While blogging with a clear strategy in mind can be very beneficial, falling into the trap of posting just to post will leave you with lackluster results and probably a bit of frustration.
Lucky for you, we are going to share a simple six-step process that will allow you to create blog posts that attract qualified traffic to your website and help you generate quality leads.
Meredith Hill once said, "When you speak to everyone, you speak to no one." This holds true in all marketing, especially when you are creating content.
These are just a few questions you should be asking yourself before creating a blog post. Taking a step back, if you haven't narrowed in on an audience, you must first define who your ideal customer is and then start to ask questions like those above. Better understanding your audience will allow you to build greater credibility while bringing tremendous value to them via blog posts.
One of the easiest ways to figure out what topics to cover on your blog is by seeing what has proven to be popular in your industry. Tools like Buzzsumo will allow you to enter keywords and see the most popular content focused around those terms.
One mistake commonly made when using this strategy is not looking at the popularity of the site publishing content. Let's use Business Insider for example. A mediocre post presented to a large audience may get more engagement than it deserves, but going down the list is where real value starts to happen from an SEO perspective.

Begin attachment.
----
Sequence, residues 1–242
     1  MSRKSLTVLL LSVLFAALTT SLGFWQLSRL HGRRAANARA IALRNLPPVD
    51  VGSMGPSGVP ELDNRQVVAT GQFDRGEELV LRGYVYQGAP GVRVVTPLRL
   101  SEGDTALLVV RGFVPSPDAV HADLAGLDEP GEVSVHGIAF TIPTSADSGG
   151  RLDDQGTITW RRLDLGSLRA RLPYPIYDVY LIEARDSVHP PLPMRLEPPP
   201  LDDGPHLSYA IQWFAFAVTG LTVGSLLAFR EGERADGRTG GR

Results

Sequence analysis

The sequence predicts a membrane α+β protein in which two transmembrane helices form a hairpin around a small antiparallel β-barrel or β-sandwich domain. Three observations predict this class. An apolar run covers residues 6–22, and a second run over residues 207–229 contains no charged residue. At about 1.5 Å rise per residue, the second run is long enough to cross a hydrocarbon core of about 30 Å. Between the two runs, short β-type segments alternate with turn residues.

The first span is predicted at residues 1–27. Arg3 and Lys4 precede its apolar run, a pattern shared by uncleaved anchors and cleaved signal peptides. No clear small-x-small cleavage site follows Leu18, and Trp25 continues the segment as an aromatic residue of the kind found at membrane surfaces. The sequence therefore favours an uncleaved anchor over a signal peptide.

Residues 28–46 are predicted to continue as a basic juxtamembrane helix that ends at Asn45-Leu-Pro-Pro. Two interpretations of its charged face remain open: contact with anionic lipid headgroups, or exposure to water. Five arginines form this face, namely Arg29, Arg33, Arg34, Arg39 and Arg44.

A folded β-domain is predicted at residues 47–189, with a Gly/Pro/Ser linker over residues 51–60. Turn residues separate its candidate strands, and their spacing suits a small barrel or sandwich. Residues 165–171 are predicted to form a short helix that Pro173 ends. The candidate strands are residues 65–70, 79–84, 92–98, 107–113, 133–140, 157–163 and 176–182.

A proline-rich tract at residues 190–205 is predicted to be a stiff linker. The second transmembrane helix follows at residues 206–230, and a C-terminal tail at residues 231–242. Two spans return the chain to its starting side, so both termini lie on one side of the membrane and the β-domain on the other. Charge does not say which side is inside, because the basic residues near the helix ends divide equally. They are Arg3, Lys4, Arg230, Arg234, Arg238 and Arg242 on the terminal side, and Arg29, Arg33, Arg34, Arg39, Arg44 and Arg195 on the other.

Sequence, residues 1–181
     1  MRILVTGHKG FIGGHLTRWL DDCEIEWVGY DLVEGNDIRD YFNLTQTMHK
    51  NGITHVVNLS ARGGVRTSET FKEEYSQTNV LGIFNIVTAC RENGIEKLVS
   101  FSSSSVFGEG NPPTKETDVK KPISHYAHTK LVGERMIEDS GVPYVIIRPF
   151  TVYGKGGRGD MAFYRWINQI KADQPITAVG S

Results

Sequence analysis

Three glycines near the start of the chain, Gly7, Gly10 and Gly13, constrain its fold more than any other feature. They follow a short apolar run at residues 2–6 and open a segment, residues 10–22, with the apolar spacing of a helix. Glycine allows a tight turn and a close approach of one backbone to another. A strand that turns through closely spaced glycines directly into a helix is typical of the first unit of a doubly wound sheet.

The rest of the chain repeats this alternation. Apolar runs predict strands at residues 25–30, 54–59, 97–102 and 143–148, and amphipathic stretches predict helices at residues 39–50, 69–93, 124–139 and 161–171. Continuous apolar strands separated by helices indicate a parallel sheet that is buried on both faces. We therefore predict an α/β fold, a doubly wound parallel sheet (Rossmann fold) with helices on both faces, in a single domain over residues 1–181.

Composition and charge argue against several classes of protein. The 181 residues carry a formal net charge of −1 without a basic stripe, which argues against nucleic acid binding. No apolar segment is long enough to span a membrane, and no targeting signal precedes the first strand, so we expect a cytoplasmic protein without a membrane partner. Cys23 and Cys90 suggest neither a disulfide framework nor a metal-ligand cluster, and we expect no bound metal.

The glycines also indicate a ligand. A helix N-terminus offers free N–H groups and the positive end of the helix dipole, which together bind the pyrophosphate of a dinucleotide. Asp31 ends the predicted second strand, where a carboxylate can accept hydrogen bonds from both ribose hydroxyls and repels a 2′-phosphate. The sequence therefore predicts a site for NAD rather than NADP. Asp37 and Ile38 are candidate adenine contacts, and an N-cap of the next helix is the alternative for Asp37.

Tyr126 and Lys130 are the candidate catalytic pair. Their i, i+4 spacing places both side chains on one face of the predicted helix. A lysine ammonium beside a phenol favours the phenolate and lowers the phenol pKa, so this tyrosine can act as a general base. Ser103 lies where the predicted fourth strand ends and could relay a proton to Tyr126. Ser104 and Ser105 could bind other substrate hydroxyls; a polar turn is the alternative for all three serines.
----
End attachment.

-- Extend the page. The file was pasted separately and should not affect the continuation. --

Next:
According to a study completed by Columbia University and the French National Institute, "59% of links shared on social media have never actually been clicked." To find topics that really engage users, look for content near the top of the lists that was posted on smaller sites. Repeat the research process for 5-10 keywords and record the page titles and a summary of the content topics, along with the URLS for step three.
Whenever you publish new content, you can share it on social media or with your email list, but that is not where the real SEO benefits come from. Each piece of content you create can draw targeted visitors from search, so long as you have a long tail keyword strategy in place.
One of the simplest ways to find long tail keywords opportunities is to look at what your competitors are doing. SEMrush (shown) and Ahrefs are both tools that allow you to pull in a competitor page and see what keywords their content is showing up for. Grab the list you made in step two and put the first url into your keyword research tool of choice. This example is based on the previous Buzzsumo search for "blogging," in which beautifuldawndesigns.net appeared atop the list behind a more well-known site.
Another example of some long tail keywords used in a blog post about a different topic: plastic surgery marketing. If you were to write a post on the same topic, pull in the most popular pieces of content for the term and see what long tails keywords they have in their content. Make a list of terms from the top blog posts and then work those into your content as you are able.